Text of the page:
A Common Weal Education

Mar 03, 2014 1 Comment

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One Response to “A Common Weal Education”

  1. John Scott says:

    Brian Boyd’s article gives a very positive view of Scottish education today and suggests that it can be improved by copying the Finnish system.
    He writes that the comprehensive system is a ‘success’, that Scottish primaries are ‘among the best in the world’ and that secondaries are ‘in the main, excellent.’
    No evidence is produced for these views and many – inside and outside the system – would disagree totally.
    With regard to primaries, the Literacy Commission of 2009 concluded that 13,000 pupils (18%) left primary without being functionally literate. This has a huge impact on attainment in secondary schools, where Gerry Hassan has spoken of ‘educational apartheid.’ In a number of secondary schools, there is a full time police presence, something that would have been unimaginable 50 years ago. Parents spend tens of thousands of pounds to buy a house in an area that guarantees access to a successful school. Employers, including the universities, routinely bemoan the qualities of those emerging from our schools.
    Brian Boyd goes on to say that the right to choose a school ‘has to go.’ It is clear that he means that for poor families this right will have to go. Prosperous families, including – for example – teachers, will still be able to buy access to a successful school. At present a vast number of parents use this right.
    An analysis of Edinburgh primaries showed 15 where fewer than half the pupils allocated to the school attended. Nearly all were in the poorer areas of the city. In the city’s secondaries about 20% of pupils opt out of their allocated schools.
    Andreas Schleicher , Deputy Director of the OECD said recently that ‘your education today is your economy tomorrow.’ Following from that, today’s economy is a reflection of yesterday’s education system. It is an economy with a huge number of NEETS, low levels of skills and young people unable to compete with immigrants from Eastern Europe in the labour market.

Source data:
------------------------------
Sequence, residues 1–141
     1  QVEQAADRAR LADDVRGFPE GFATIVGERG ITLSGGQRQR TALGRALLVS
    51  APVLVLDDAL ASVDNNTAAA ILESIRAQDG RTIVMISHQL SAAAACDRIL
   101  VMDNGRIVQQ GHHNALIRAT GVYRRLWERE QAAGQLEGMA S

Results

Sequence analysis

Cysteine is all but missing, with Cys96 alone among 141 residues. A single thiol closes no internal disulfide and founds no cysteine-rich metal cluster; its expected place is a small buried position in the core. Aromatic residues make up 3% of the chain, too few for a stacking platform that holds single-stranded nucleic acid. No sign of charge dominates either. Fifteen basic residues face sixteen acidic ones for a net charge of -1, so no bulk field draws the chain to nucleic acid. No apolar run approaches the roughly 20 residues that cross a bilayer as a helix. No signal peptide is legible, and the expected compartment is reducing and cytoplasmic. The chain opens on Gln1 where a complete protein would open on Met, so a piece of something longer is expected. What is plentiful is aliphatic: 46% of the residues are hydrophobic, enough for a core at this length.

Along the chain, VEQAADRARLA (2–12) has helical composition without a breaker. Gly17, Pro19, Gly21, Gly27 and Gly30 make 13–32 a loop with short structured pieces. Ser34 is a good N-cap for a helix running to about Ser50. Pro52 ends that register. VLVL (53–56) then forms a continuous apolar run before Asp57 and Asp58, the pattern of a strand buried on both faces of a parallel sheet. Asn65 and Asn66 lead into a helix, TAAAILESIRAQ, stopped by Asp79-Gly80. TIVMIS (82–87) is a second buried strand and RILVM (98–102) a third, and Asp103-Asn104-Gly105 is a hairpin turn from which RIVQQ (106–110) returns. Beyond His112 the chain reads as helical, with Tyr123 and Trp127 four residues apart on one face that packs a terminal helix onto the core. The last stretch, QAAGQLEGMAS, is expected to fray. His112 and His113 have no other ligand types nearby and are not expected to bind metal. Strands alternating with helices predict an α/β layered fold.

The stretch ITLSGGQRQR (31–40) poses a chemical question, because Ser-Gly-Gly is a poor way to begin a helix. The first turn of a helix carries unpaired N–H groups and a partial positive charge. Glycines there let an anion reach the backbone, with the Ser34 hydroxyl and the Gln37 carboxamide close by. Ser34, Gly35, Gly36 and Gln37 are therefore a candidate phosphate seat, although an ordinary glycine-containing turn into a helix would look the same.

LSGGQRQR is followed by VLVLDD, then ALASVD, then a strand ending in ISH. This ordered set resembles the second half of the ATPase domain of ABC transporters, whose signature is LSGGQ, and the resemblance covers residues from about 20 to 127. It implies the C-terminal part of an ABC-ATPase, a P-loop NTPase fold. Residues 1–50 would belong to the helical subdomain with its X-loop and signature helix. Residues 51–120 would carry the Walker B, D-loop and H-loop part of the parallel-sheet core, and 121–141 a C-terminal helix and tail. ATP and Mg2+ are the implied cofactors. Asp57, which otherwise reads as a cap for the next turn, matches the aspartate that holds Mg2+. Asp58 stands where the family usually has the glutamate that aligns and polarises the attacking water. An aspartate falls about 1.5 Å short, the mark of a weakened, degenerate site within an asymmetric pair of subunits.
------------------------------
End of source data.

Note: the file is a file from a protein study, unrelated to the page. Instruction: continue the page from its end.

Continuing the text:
When recommending that Scotland should copy Finland, he ignores the fact that the head of Finnish education described their model as ‘unexportable’, due to Finland’s unique culture. Similarly, he does not look at the detrimental effect that moves in the ‘Finnish direction’ have had on Welsh education, a system vastly closer to ours culturally.
    Finally, Brian Boyd fails to confront the dysfunctional management at the top of Scottish education today.
    New exams are being introduced. A survey of progress by Dr Priestley of Stirling University concluded that teachers were not sure what they should be teaching. A principal teacher repeated this in a letter to the Herald a few weeks ago; ‘teachers do not know what they are doing,’
    Lindsay Paterson has described CfE as vacuous and dishonest. None of this seems to have registered with Professor Boyd.
    There are noticeable parallels between the educational establishment and that of other failed Scottish institutions. There is the same blinkered assumption that things are going well even as the evidence to the contrary reaches Munro heights.
    It is a pity that, on the issue of the future of Scottish school children. the Reid Foundation fails to embrace genuine radicalism.

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